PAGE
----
And for that, the GS gets a new ‘sandwich’ button that shows all the important settings at the press of a button. From adjusting the windshield and traction control settings to ride height and damping… all with just one button. So, now more fiddling around complex switchgears or memorising menus and instead focus purely on riding.

Getting used to the GS may require some level of unlearning. For me, I had to wrap my head around the fact that the front won’t dive under hard braking before entering a corner. On the 1250, that resulted in a vague-ish feeling at the handlebar. But on this? It almost replicated the feel of a conventional fork in terms of feedback. And though we had limited experience off the tarmac, the near-symmetric placement of the boxer heads gave my right leg better range of motion when standing up, compared to the older model. 

The engine, the chassis, the design, everything has made the R 1300 GS a much better globetrotter than its predecessor. And the fact that it masked every stupid thing I attempted to do impressed me even further. It’s only when I put it on Race display, I realised the traction control and brakes were working overtime to keep it right-side-up and how seamlessly the electronics worked, allowing me to ‘unknowingly’ scrape the pegs on this behemoth.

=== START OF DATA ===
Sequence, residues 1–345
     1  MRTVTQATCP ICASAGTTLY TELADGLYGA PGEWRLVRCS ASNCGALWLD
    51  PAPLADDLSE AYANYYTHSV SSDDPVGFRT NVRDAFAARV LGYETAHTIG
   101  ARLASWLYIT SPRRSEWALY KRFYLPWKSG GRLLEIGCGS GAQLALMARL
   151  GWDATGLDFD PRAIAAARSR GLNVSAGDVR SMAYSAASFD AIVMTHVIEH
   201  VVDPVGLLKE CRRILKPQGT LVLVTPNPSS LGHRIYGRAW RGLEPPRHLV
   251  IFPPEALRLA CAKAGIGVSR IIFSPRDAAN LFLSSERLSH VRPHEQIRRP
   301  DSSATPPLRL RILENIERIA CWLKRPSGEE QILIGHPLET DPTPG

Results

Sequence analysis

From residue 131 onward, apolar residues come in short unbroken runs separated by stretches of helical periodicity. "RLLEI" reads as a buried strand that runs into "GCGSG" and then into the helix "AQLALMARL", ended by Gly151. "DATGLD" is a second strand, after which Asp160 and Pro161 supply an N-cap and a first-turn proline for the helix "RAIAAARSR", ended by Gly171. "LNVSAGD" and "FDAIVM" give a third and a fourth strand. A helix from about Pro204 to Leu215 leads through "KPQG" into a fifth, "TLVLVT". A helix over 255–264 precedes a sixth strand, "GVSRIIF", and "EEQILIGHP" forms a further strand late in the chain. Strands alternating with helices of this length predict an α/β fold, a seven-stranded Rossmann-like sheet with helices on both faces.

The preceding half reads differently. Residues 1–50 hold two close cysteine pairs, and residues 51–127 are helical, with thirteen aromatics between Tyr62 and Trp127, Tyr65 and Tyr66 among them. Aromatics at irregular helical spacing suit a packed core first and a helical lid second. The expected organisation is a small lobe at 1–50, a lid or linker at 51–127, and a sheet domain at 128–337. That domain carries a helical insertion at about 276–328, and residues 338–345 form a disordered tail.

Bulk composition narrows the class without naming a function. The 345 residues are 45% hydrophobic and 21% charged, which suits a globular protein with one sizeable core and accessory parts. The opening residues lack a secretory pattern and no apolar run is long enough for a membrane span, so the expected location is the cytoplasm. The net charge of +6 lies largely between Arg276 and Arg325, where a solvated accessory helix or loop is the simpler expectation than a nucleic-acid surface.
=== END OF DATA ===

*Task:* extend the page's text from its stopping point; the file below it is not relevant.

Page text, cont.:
BMW has made almost everything to make the GS more engaging, fun, capable and easier to ride. Heck, there’s an adaptive ride height tech that will drop the seat height by 20 mm when you come to a standstill and will only go back to the original position once you cross the 30 kph mark. This same tech also raises the front and rear suspension independently to help you put the bike on the main stand. Can life get simpler than that? 

There’s one thing that isn’t really simple — buying the right variant of the R 1300 GS. Fortunately, all the five variants come with tubeless wire-spoke rims, but yes, there are FIVE variants. All with different combinations of paint schemes and electronic packages. So, if you are out to buy one, you really, really should know your requirements because tech like adaptive ride height cannot be brought as an extra on variants that it’s not offered on. 

The R 1300 GS is a tight slap on the face of conservatives who hide behind the shield of ‘If it ain’t broke, don’t fix it’ philosophy. It was a big gamble that BMW played, for making a better GS is no small feat, right? Afterall, the 1250 was good at everything, and continued to sell like hot cakes. It wasn’t the most powerful or the lightest in this category, just like the new one. But it just got better at what it does — making earth-roaming a cakewalk. 

‘When you are finished changing, you are finished’ — Benjamin Franklin